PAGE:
The term “hash,” as used herein, may refer to a message or data that is encoded, cryptographically hashed, and/or encrypted. The term “hashed password,” as used herein, may refer the result of applying an encryption, encoding, and/or cryptographic hashing to a plain-text password.
As used herein, depending on context, a password may be a plain-text password or a hashed password.
The term “old hash,” as used herein, may refer to a hashed password that is generated by a device prior to upgrading the scheme that is used by the device to generate hashes. The term “new hash,” as used herein, may refer to a hashed password that is generated by the device after the upgrade. An old hash may or may not refer to a plain-text password.
The term “IEEE 802.1X” or “802.1x,” as used herein, may refer to a standard set by the Institute of Electrical and Electronics Engineers (IEEE). The standard may provide for an authentication protocol for a device that is seeking a point-to-point connection to a network, based on the Extensible Authentication Protocol (EAP).
In the following description, after a client device upgrades its password generating component, hashed passwords that are stored at a policy server device may be updated.
Client device 102 may include a computational and/or communication device, such as a personal computer, a laptop, an electronic notepad, a personal digital assistant (PDA), or another type of computational or communication device that includes a browser or a client application that can communicate with a server. Network 104 may include the Internet, an ad hoc network, a local area network (LAN), a wide area network (WAN), a metropolitan area network (MAN), a cellular network, a public switched telephone network (PSTN), any other network, or a combination of networks. NAD 106 may include a device that selectively permits other devices that are outside of network 104 to access network 104, in accordance with instructions or communication messages from policy server device 108. Policy server device 108 may include a device for managing access to network 104 and for administering authentication, authorization, and/or accounting (AAA).
In the above, the server-side mechanism for receiving a plain-text password, authenticating the client device based on the plain-text password, and upgrading the password database may be constructed using server applications and components, such as a telnet server, a web server (e.g., Apache web server), and/or other types of server-side resources (e.g., a login script, a web page, etc.). By using these server applications and resources, the mechanism may be implemented inexpensively.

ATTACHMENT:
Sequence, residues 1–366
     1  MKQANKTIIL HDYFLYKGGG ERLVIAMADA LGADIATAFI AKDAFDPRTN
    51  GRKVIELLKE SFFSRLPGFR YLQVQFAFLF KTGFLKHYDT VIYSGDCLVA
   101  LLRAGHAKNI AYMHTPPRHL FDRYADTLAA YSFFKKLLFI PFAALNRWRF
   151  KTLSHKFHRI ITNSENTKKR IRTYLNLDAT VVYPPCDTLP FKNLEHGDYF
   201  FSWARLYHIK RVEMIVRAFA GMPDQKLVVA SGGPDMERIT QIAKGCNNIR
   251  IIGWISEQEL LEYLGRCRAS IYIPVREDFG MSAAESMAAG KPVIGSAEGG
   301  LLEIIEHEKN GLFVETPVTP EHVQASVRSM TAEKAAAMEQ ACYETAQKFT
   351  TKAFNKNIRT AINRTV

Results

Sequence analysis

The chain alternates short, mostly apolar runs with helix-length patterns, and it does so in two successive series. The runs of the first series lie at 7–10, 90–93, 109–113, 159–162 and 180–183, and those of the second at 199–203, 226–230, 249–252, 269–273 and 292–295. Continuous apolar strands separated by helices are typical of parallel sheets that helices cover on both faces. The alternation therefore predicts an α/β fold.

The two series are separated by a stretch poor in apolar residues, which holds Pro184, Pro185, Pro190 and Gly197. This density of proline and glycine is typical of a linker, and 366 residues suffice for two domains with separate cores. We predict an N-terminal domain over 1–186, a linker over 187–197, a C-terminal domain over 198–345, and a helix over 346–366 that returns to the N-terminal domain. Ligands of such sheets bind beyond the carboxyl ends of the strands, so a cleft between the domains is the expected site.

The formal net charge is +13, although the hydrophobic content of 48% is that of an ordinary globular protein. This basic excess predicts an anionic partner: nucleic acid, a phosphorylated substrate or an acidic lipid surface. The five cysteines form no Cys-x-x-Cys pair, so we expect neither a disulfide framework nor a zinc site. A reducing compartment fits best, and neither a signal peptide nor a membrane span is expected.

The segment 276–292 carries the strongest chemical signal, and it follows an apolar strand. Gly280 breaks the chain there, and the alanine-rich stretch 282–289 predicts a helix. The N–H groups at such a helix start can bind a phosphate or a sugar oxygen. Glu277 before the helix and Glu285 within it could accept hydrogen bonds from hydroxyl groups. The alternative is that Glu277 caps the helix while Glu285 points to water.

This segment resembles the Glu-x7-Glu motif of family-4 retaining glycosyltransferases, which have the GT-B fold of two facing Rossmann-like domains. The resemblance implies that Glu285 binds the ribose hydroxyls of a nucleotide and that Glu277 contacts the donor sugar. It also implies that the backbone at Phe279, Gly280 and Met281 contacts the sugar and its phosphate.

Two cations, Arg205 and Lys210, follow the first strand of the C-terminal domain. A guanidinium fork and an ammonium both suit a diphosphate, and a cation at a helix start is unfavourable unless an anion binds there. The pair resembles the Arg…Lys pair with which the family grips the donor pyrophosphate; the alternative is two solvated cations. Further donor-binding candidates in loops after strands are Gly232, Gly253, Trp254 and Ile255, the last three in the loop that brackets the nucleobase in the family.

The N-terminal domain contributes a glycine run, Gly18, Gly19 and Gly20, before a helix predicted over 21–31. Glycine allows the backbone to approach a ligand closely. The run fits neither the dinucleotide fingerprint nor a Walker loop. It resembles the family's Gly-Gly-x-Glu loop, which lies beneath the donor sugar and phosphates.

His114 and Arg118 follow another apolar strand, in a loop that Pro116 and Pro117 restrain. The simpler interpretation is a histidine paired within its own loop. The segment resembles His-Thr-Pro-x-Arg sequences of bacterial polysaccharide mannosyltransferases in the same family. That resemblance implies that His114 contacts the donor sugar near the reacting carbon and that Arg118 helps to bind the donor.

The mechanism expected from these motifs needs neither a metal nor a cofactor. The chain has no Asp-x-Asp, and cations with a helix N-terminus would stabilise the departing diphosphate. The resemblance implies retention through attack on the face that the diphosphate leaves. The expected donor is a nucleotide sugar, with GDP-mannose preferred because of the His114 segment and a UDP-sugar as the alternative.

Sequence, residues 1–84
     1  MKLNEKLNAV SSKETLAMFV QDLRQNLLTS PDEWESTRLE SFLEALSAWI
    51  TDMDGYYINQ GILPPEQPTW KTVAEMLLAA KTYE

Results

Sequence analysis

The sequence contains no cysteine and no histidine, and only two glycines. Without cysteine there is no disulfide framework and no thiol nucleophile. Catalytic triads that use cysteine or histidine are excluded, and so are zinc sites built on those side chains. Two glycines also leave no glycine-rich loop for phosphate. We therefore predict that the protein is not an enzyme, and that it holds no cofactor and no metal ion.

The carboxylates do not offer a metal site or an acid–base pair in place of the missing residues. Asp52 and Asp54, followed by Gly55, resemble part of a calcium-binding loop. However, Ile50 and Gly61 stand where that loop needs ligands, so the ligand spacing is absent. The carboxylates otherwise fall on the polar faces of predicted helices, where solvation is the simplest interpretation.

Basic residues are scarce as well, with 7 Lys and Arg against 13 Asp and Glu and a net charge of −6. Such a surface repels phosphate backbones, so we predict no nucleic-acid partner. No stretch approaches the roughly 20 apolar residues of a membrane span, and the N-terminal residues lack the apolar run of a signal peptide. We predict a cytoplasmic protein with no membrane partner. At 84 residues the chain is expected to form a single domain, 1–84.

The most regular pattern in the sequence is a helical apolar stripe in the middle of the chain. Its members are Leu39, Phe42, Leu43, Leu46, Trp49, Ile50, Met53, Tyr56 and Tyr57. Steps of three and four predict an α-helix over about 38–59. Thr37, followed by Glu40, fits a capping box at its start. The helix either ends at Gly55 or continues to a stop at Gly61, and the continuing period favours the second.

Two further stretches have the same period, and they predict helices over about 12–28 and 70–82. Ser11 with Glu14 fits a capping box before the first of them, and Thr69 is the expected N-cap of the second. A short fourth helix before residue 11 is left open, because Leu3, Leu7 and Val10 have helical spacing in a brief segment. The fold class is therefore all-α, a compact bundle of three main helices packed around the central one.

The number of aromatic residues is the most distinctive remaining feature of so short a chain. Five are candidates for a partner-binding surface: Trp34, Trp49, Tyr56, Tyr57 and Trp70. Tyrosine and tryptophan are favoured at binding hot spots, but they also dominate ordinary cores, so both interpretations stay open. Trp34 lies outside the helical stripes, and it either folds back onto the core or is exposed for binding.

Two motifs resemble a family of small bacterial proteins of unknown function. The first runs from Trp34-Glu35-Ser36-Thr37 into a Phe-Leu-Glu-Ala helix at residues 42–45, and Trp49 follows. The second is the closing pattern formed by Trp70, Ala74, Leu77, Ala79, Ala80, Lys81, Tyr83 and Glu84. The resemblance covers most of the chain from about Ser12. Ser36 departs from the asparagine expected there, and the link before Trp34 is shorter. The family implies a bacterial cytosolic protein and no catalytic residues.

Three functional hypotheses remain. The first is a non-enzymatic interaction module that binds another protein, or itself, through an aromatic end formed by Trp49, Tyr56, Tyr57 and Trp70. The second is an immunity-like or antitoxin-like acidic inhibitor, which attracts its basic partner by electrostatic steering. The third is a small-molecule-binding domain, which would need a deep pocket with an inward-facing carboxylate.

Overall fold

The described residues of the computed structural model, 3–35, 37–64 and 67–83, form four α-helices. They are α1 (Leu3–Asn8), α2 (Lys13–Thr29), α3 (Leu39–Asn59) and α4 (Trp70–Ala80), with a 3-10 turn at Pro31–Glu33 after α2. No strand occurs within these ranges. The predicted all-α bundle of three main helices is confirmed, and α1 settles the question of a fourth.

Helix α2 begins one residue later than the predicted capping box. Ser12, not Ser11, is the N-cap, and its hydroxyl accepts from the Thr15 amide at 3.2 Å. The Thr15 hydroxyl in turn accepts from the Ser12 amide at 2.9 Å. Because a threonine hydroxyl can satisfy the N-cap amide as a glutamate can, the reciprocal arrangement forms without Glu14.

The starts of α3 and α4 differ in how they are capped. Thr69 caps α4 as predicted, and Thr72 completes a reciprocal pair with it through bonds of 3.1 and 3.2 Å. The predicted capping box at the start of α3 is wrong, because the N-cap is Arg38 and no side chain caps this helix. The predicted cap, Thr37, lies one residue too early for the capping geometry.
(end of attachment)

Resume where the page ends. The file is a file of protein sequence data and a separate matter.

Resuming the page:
If a mechanism different from the one described above is used to update the password database, a policy server device may need to recognize when a client device upgrades its password generating component and use information related to old hashes. Implementing such mechanisms may entail writing complex server-side software.
Processor 202 may include one or more processors or microprocessors, and/or processing logic capable of controlling network device 200. Memory 204 may include static memory, such as a read only memory (ROM), and/or a dynamic memory, such as a random access memory (RAM), an onboard cache, etc., for storing data and machine-readable instructions. Memory 204 may also include storage devices, such as a floppy disk, compact disk (CD), and/or flash memory, as well as other types of storage devices.
Network interface 206 may include any transceiver-like mechanism that enables network device 200 to communicate with other devices and/or systems. For example, network interface 206 may include mechanisms for communicating with other devices on a network. Additionally or alternatively, network interface 206 may include an Ethernet interface and/or an interface/connection for connecting network device 200 to other devices (e.g., a wireless interface).
Input/output (I/O) devices 208 may include a display (e.g., a LCD, a cathode ray tube (CRT) display, etc.), a mouse, a speaker, a Digital Video Disk (DVD) writer, a DVD reader, Universal Serial Bus (USB) lines, and/or other types of devices for converting physical events or phenomena to and/or from digital signals that pertain to network device 200. Communication paths 210 may provide an interface through which components of network device 200 can communicate with one another.